“This is a year where some tough decisions will need to be made and I heard nothing in this speech which suggested the Governor is interested in showing leadership.
“The Governor had an incredible opportunity this week to educate the citizens about the $200 billion in unfunded obligations and debt, a backlog of 210,000 unpaid bills totaling over $9 billion owed to state vendors, the $3 billion in unpaid Medicaid bills, and the $96.8 billion pension shortfall that grows by $17.1 million every day. Illinois now has the lowest credit rating of all 50 states.
“The debt per person in Illinois is over $21,000. Illinoisans are anxiously waiting for the implementation of real solutions and reform. These are bipartisan issues that we all should be able to solve for the good of the people.
New Spending Bill Flies Through House and Senate; Signed by Governor
“With the election in November, the Democrats took super majorities in both the House and Senate.
“The strength of the controlling party is starting to show, because this week a $2.1 billion supplemental appropriations bill passed through the House and Senate with ease and was signed by the Governor within hours of its passage in the Senate.
“This was the first test of how Illinois House members are going to face the fiscal challenges of the 98th General Assembly.
“It is unbelievable that on the very first day of considering serious legislation, the majority of the House appeared to be focused on spending and not on reform. It was very disappointing.
“This state has an enormous pension crisis and a $9 billion backlog of bills, yet the first thing the House did this year was vote to spend more money.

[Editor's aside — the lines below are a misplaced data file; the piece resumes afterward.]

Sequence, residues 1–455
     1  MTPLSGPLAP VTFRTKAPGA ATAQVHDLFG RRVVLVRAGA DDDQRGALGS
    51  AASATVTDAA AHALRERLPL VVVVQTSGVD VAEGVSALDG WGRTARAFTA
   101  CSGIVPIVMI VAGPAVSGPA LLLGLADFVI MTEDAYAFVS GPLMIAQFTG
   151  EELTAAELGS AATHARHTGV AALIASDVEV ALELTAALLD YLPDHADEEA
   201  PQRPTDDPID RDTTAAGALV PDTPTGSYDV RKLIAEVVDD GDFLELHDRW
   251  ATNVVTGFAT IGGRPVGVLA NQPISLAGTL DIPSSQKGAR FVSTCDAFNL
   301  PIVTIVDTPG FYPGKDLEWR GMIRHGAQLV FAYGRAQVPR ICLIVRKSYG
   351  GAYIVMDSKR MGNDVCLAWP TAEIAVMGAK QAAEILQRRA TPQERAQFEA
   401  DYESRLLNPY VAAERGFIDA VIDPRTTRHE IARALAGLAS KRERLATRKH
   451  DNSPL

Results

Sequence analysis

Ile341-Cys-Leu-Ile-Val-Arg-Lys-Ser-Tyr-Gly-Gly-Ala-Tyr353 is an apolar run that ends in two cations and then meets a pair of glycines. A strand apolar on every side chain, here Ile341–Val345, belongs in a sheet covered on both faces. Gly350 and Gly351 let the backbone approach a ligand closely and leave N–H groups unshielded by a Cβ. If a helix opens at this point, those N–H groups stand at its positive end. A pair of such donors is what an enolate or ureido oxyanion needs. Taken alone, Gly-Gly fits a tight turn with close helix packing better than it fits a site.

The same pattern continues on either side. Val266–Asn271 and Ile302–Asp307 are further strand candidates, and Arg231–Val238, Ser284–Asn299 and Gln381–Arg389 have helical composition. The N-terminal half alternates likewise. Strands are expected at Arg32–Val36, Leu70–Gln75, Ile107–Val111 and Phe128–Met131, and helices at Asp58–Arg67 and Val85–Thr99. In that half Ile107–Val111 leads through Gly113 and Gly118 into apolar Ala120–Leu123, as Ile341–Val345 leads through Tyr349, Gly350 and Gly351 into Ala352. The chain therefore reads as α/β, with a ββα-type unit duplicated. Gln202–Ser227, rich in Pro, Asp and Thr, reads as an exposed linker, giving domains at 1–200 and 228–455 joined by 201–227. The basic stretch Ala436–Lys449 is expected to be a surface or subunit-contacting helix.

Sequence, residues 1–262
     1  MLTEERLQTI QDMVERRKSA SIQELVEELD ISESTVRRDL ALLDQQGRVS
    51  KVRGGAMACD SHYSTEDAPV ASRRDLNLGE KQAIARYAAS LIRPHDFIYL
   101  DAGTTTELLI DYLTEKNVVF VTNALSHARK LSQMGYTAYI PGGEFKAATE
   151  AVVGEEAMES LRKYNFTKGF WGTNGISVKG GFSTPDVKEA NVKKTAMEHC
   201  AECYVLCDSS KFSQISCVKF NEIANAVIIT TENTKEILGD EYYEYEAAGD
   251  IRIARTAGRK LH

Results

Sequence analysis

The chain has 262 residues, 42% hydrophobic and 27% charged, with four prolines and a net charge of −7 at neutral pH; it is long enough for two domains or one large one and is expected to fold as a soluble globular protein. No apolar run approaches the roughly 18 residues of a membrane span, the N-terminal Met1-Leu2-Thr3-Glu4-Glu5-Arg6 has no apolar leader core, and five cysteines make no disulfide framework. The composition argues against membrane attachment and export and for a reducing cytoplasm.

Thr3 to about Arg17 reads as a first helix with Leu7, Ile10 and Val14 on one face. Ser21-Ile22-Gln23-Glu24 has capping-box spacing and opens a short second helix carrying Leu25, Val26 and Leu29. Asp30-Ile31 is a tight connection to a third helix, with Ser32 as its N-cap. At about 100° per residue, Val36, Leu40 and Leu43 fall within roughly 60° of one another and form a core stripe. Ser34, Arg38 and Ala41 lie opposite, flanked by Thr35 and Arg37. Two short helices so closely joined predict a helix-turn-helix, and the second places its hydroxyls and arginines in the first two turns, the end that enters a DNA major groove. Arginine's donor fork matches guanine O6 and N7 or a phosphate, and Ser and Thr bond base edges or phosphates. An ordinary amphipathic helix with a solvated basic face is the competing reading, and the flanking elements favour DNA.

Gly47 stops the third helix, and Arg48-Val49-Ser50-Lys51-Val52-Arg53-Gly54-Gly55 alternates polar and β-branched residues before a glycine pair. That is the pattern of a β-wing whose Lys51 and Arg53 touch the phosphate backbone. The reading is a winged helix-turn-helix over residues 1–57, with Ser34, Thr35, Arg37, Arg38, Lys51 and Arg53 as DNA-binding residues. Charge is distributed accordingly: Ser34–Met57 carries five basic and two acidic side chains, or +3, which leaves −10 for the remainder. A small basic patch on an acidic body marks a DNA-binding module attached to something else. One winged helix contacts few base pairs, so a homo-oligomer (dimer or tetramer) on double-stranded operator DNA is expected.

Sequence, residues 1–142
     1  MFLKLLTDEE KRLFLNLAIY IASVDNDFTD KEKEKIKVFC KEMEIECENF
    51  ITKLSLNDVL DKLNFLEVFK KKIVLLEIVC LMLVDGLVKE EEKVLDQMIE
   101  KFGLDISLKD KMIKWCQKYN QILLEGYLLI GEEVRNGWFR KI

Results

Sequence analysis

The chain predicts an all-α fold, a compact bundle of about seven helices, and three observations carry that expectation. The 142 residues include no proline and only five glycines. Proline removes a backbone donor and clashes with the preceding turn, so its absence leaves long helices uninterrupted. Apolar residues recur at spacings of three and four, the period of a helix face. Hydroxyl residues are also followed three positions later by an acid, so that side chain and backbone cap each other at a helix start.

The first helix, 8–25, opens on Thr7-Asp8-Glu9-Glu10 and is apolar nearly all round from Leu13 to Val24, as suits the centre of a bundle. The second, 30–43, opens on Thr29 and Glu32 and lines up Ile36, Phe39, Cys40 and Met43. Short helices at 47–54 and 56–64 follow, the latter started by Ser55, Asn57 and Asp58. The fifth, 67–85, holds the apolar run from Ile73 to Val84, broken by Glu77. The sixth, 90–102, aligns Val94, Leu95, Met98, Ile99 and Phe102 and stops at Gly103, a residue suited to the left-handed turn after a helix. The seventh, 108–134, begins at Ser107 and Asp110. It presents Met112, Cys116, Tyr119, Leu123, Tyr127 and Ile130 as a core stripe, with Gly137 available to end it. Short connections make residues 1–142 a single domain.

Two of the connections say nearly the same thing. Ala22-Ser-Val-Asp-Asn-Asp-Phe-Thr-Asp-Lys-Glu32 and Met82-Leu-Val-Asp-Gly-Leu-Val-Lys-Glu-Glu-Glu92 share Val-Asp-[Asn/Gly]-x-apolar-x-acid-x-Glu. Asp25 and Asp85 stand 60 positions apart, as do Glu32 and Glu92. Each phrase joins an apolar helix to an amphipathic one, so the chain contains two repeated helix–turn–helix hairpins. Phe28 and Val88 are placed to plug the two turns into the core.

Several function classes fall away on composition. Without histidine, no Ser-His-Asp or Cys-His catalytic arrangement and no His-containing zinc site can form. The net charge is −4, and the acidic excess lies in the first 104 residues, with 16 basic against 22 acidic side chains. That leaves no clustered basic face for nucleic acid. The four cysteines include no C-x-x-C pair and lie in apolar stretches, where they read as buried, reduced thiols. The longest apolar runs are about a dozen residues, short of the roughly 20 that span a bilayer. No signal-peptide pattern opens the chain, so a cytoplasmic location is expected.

“What started out to be a smaller appropriations bill grew exponentially since the legislation was first introduced.
“I could have voted for this legislation if we had separated out essential services and would have strongly supported issues such as additional funding for the Department of Children and Family Services to hire needed workers and the $12 million mental health appropriation that was inadvertently left out of the 2013 fiscal budget.
“For example, $1 million was added to pay for newly created executive director positions for various agencies that the Governor authorized and $6.5 million suddenly appeared for electrical repairs at Chicago State University, while other universities provide for their own maintenance…these are simply unacceptable additions.
“Anytime a bill is rushed through the process like this one was, there are always unintended consequences and I simply could not support this kind of spending.
New Legislative Map in Effect
“Every ten years, the General Assembly redraws legislative boundaries to reflect the federal census so that each legislator has relatively the same number of residents.
“I am now representing District 66. While some of my former constituents from the previous map have moved with me to district 66, the boundaries for my district have changed substantially.
“If you have any questions, you can check out this map to see if your address was affected by the redistricting. http://maps.ilhousegop.info/files/state.html.
“Your Input is Helpful!
“The issues confronting the General Assembly are often time controversial and emotionally-charged. I welcome your input and opinions. It is an honor to serve you in the General Assembly.”